That evening every single committee member was present and inspected the apartment. I arranged twelve chairs for the committee members such that they were in a circle; we were all facing each other. Their first impression was much like mine. They weren’t very optimistic about all the work that would have to be done to make it habitable. When it was time to vote each one as we went around the circle said, “You can move the office down here but I’m not helping.” My heart secretly sank as those words rang in my ears repeatedly. “You can move the office but I’m not helping you.” As a heard each one utter those words, I began to second guess my desire to move the office. “Maybe it isn’t God’s will?”
Everyone left one by one and my committee chairman remained behind. Must be
he noticed how disappointed I was and wanted to discuss it one on one with me. I shared with him my secret thoughts, “I must be wrong about God wanting to us to move this office downstairs. No one wants to help.” Tears began to flow down my face, uncontrollably. My chairman assured me that was not necessarily true and encouraged me to go ahead if I felt that’s what God would have us do. “You do what you believe is best.”
In a couple of days, I decided that the move was the best thing to do, and contacted the landlord, “We’ll take it. But can you give me a month to fix it up?” He was agreeable, and why not? He was getting it repaired for free.
I bought all the materials and spent every day for weeks all by myself fixing all the holes in the walls by patching them and then chalking over the patches. Then I had to sand those patches down smoothly. After all the holes were repaired and sanded, I then moved on to the chore of painting every single room in that apartment.
It took me several scrubbings to clean up the top of the stove and oven. Believe it not with Easy-off and elbow grease it cleaned up fairly nicely. Believe me it wasn’t a “cake walk,” but well worth it!
Everything was ready to move downstairs, and I had no committee members to help me. “Who can I get to help move all this furniture downstairs? I can’t move it by myself?” I drove down to my parent's house and cried on my mother’s shoulders. Mom told me, “Don’t you worry I’ll get your father and three brothers to help move you.” “Really, that would be wonderful,” I replied. I couldn’t have done it without my family and I was so grateful that I had a family who would stand by me and help me when no one else would.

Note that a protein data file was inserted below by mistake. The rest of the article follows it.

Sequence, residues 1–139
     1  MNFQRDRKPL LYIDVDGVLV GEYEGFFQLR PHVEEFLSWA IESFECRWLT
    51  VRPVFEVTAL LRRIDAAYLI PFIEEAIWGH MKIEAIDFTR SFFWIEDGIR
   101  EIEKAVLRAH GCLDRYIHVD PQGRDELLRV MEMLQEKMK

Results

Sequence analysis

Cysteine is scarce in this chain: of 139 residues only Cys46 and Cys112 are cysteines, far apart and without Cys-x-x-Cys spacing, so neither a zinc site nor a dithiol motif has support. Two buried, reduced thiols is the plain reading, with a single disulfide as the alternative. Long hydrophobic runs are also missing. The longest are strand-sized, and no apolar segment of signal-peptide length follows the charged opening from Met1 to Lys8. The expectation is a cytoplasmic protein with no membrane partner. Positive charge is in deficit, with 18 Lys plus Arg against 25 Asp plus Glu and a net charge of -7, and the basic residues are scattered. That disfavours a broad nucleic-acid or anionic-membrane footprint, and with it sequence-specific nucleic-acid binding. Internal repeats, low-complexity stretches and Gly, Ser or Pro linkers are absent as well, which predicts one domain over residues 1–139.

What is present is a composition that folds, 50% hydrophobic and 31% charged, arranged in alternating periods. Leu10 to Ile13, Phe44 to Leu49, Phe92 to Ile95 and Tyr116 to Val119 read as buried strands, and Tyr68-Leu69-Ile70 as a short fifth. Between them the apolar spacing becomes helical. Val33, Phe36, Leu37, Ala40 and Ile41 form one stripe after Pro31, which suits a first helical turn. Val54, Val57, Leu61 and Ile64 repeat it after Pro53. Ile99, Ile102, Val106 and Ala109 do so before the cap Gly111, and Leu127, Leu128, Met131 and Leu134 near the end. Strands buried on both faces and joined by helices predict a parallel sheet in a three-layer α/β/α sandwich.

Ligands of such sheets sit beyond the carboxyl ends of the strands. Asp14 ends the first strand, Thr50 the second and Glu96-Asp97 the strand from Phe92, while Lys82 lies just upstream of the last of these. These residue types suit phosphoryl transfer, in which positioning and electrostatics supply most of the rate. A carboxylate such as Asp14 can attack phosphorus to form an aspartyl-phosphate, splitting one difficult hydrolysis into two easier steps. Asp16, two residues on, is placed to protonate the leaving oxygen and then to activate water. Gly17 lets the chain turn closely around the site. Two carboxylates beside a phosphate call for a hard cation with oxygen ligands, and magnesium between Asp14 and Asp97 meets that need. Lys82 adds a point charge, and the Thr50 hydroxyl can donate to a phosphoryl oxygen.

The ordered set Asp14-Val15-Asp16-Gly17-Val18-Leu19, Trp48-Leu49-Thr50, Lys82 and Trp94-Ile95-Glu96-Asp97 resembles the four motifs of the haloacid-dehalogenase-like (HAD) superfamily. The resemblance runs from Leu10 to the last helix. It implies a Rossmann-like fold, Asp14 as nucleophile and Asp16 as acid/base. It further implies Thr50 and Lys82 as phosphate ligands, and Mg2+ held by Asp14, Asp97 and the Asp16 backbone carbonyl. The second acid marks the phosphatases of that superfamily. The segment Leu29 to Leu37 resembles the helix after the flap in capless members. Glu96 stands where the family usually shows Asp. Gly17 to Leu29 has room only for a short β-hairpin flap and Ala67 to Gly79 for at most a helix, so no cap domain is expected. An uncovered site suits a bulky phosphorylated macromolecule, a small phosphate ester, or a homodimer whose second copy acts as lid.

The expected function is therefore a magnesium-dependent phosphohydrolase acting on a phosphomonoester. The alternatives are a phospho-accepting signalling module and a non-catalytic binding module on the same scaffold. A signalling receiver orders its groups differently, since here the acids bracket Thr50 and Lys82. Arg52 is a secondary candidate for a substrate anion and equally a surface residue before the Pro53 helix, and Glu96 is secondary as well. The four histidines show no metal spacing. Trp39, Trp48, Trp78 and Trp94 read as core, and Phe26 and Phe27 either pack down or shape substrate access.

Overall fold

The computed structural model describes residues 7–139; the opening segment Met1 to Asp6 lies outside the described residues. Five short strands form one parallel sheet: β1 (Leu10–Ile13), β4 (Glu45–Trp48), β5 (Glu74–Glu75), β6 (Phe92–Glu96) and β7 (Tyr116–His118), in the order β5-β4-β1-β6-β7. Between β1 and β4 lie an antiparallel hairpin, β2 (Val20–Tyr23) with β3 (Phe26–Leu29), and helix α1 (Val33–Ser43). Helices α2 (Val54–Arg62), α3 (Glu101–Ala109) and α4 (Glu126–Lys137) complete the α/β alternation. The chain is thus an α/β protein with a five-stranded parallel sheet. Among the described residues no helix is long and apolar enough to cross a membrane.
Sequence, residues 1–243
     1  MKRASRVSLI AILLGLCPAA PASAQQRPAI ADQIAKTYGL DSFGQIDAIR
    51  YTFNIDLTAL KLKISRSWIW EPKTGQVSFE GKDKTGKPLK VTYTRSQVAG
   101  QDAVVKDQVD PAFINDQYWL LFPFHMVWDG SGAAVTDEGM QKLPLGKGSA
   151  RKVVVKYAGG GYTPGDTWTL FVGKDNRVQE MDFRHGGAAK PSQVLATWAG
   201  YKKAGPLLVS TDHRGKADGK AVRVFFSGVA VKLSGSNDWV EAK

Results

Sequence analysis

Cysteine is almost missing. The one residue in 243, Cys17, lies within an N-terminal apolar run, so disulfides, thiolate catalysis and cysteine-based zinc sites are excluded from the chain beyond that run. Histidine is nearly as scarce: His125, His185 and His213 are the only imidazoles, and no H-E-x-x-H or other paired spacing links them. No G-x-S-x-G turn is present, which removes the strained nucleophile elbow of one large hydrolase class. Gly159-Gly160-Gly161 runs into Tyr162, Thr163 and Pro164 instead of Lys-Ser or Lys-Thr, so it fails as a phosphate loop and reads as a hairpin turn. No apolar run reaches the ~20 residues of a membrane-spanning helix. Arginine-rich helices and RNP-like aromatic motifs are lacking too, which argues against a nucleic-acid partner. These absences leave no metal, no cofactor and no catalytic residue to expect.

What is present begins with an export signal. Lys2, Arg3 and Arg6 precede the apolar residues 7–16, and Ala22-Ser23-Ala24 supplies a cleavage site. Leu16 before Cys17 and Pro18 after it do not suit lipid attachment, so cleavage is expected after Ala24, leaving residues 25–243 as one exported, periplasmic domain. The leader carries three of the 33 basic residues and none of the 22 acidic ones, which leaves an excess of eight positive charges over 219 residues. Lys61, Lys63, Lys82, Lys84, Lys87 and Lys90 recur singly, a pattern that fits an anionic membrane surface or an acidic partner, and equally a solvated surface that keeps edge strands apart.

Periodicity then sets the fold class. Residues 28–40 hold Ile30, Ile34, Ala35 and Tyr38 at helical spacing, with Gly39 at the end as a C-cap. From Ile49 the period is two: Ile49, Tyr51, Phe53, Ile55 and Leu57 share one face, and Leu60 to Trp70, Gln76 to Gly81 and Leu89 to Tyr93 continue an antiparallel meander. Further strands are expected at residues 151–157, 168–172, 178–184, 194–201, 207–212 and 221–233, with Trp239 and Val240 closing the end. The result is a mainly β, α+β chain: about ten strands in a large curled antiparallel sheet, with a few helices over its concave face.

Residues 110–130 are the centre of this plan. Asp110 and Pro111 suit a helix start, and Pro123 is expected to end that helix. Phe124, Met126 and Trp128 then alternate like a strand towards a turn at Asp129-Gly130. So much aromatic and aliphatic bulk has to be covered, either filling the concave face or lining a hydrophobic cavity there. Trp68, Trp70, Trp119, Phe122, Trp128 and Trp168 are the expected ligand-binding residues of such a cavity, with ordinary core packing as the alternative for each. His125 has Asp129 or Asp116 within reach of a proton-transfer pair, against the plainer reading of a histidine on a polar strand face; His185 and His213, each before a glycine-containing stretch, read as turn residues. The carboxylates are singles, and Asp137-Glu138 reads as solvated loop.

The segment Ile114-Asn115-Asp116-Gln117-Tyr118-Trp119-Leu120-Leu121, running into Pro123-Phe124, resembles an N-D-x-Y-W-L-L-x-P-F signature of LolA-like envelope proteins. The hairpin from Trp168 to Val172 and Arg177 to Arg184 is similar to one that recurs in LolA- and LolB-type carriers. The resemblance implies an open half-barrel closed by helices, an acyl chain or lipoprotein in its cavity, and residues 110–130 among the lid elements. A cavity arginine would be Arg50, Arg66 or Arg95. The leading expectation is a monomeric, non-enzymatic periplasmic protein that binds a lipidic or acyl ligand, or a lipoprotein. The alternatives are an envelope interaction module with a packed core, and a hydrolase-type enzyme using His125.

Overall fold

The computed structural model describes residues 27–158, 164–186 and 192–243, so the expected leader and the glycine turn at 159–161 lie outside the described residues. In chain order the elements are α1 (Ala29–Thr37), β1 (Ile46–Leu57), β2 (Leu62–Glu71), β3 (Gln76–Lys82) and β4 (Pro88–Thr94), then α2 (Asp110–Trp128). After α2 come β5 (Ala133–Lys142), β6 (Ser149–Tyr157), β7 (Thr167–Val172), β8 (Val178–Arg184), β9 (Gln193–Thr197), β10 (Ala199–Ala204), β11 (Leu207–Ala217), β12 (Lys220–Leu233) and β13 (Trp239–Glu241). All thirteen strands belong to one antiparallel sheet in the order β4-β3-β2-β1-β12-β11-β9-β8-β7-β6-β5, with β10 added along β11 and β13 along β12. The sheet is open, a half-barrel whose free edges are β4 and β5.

After my family helped me move, I now had to unpacked everything and organize all the CEF materials for those who might stop by the office to buy materials.
Finally, it was time for a committee meeting and the State Director & Field Director came to that meeting as well. Both of them commented favorably on the move and how the office and apartment looked. “What a wise choice, it looks fantastic. Such a smart move.” Then the committee members each joined in as everyone walked around checking things out and replied, “This was the best decision we could’ve made. We did a great job.”
After the committee members all left the State Director turned to me and said, “None of them helped you with any of this, did they?” My reply, was a simple “NO!” All three of us started laughing about how the committee members took credit for the work I had done.
I learned a few things from this incident. First, you may have to embark on an endeavor alone. Second, a task may seem daunting, but with persistence can be done. Third, don’t become discouraged from what seems to be lack of support. If you look, you can find people that will support you. Finally, when people try to take undeserved credit for good results, it’s best just to laugh it off.